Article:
Ever since human kind civilized itself into more or less organized cohabitating arrangements – ever since there were professions and professionals – certain trades were more popular than the others. Priests, scientists, art makers, poem writers, doctors, wine makers were all quite popular at some point. Entertainers enjoyed their golden age of stardom in the twentieth century. Well, let’s face it we are less crazy about all the actors and singers – all the artificial popularity, spruced up here and there by some paparazzi scandals, fades away and eventually declines. In this century we worship plastic surgeons. Successful surgeons generally enjoy luxurious life and the celebrity themselves want to be friends with them.
This fancy life doesn’t come easy, though. Every surgeon has to pay a lot of dues before he or she gets to enjoy any sort of break. Of course, everything starts with the med school. Usually, you’d have to suffer through all the general classes before you finally get to surgery related courses. Typically, it is a standard four year course. In most cases students start doing some hands-on duties in their third year of medical program. After this, every striving surgeon needs to complete the residency requirements. It will take six more years, and can be split between three years of general operation practice and three more of actual plastic surgery experience, or depending on a situation can be done with several two- or three-year residencies at a plastic surgery clinic. Such training usually covers all sorts of surgeries – from an easy lipoma removal to gastric bypass and all the way to gender reassignment surgery. If a surgeon decided to specialize in something – for instance, hand surgery or facelifts, he or she would have to put another year of studying down in a program with the needed, narrowed-down practice. After all that every surgeon needs to get certified in accordance with the local governing bodies. Usually it involves a theoretic test and a practical testing assignment, which far not every surgeon passes from the first try or at all. So basically ten-eleven years of training and then hopefully you’ll get to do what you wanted.
After newly graduated plastic surgeons get all the certifications and training in order, comes the part where they have to find nice jobs, recommend themselves as “the best in town”, get their client base, basically establish themselves. Some professionals have to struggle for several years before they finally get on a roll. For some folks it is really tough since most of them have families to support and a couple of school loans to pay off. And only then they can sort of enjoy their profession and the fruits it brings. Job outlook is actually looking great for the next couple of … well, the trade shows no signs of slowing down. Reconstructive surgeons will always be in demand as long as there are accidents and other unfortunate events. Plastic surgeons will be around even longer since we will never stop worrying about how we look.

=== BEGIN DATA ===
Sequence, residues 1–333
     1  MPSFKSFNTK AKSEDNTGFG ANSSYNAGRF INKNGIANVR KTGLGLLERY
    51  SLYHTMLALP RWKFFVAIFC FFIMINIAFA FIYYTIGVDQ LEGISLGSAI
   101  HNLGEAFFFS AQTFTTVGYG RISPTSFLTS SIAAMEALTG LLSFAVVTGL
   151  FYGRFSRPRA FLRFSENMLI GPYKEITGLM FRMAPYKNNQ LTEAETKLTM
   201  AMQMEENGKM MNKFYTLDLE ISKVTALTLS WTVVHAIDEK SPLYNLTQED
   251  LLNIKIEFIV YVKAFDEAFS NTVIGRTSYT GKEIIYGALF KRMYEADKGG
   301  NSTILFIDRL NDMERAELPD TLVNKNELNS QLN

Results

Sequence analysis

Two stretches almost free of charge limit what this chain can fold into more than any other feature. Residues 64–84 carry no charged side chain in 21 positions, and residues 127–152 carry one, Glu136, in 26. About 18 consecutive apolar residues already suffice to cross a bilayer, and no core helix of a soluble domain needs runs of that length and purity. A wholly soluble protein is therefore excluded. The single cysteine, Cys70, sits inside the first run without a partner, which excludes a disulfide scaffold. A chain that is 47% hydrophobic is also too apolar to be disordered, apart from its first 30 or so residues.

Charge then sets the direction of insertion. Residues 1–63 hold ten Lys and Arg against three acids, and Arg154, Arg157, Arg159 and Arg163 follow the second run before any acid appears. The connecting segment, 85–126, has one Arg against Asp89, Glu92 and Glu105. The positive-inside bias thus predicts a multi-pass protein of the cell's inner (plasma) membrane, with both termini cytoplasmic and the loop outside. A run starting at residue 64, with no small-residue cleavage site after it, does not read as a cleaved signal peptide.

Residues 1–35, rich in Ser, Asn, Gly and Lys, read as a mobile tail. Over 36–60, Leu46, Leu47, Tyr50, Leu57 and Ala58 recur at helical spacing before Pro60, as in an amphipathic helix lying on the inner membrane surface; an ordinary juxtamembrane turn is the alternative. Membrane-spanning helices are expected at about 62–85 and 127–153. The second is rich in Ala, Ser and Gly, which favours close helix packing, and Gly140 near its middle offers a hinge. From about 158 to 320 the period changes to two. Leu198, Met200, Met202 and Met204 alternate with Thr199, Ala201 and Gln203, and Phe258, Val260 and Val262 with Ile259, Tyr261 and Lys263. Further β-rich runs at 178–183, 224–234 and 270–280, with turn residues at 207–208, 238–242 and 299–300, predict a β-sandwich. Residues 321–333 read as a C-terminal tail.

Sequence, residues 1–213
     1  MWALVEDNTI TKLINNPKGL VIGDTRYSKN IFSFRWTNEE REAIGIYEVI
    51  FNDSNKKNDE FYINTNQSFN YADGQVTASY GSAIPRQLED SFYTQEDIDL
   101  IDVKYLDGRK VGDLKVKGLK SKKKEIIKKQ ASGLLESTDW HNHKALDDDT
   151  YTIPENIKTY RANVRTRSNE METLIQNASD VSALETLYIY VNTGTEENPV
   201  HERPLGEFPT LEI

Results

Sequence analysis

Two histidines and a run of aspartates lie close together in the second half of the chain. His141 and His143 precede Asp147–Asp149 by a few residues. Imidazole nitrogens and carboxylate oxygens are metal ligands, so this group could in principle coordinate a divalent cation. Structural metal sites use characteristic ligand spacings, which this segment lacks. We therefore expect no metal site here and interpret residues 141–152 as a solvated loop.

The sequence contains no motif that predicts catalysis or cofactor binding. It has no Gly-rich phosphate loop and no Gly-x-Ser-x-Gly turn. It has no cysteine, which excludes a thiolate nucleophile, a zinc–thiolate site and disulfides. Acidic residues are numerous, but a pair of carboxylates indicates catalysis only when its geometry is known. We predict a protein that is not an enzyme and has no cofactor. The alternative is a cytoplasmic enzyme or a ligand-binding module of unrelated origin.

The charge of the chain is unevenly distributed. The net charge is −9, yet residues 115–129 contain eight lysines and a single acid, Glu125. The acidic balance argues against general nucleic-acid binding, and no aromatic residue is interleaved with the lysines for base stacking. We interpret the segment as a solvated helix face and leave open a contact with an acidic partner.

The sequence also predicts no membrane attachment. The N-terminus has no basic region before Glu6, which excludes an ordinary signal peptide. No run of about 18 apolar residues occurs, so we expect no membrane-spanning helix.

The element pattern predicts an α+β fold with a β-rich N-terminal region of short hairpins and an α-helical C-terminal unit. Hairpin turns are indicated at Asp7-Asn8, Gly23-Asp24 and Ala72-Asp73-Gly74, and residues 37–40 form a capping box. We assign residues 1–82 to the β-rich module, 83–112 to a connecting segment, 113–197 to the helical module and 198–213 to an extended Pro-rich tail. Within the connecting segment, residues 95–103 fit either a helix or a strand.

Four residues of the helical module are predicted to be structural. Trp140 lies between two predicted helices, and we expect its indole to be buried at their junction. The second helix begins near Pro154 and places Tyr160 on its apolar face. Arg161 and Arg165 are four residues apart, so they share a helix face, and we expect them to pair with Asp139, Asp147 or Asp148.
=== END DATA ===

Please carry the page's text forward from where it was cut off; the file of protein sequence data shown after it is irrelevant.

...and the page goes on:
There might emerge a subdivision in this trade. It will cover all the non-invasive procedures that plastic surgeons and partially dermatologists perform now. All the laser treatments, all the ultra-sounds and radio-frequency device applications, different peels and surface treatments, injections and fillers, permanent makeup and tattoo removals – all that will take its own niche among non-invasive plastic surgeries. These treatments will become more and more popular. With technological advances and scientific break-throughs new revolutionary treatments will continue to emerge and replace the older, less effective and more invasive procedures. It will be getting cheaper, too. Once some device pays itself off, covers all the research expenses, the price drops down almost immediately, partly to attract new clients and also to stay competitive on the market.
The biggest pro of such procedures is that they are less risky. They might turn out ineffective – but all the invasive surgery run that risk, too. New methods completely eliminate the need for scars and stitching. Some of the procedures will continue to be associated with some bruising and swelling but this is nothing compared to the recovery time required by the regular surgical treatments. Another thing is anesthesia, which is not only expensive, but also quite dangerous and harmful on the long run. It is a well-known fact that some folks do not live through full body anesthesia and some of the current surgeries just cannot be done without one.
Non-invasive procedures remind of a regular car check up – when you have to change the oil, check the tire pressure, maybe switch a thing or two under the hood. You still can use your car as you usually do. But surgical procedures are like major repairs. You have to give up your car for a month or so. Basically, you put your life on hold, going through painful recovery, expensive stay at the hospital and numerous follow-up visits to a surgeon’s office. The future of cosmetic procedures is of course in such non-invasive options. Plus, when your body will be going through gradual changes all the rejuvenations and restorations will settle much nicely and will look hundred times more natural. And traditional surgical works, such as nose jobs or facelifts, might startle you with surprises other than bring the long awaited satisfaction.
In any way, the world of plastic surgeries – whether drastic or cosmetic – the industry of making people look and feel better is a wonderful and interesting profession. If you are thinking about joining it you certainly have to be prepared to be patient and hard-working, prepare to study long and hard, but then once you will become a great professional, enjoy a comfortable living and meet a lot of cool new friends and famous people. If you have what it takes in you then this would be a great career opportunity.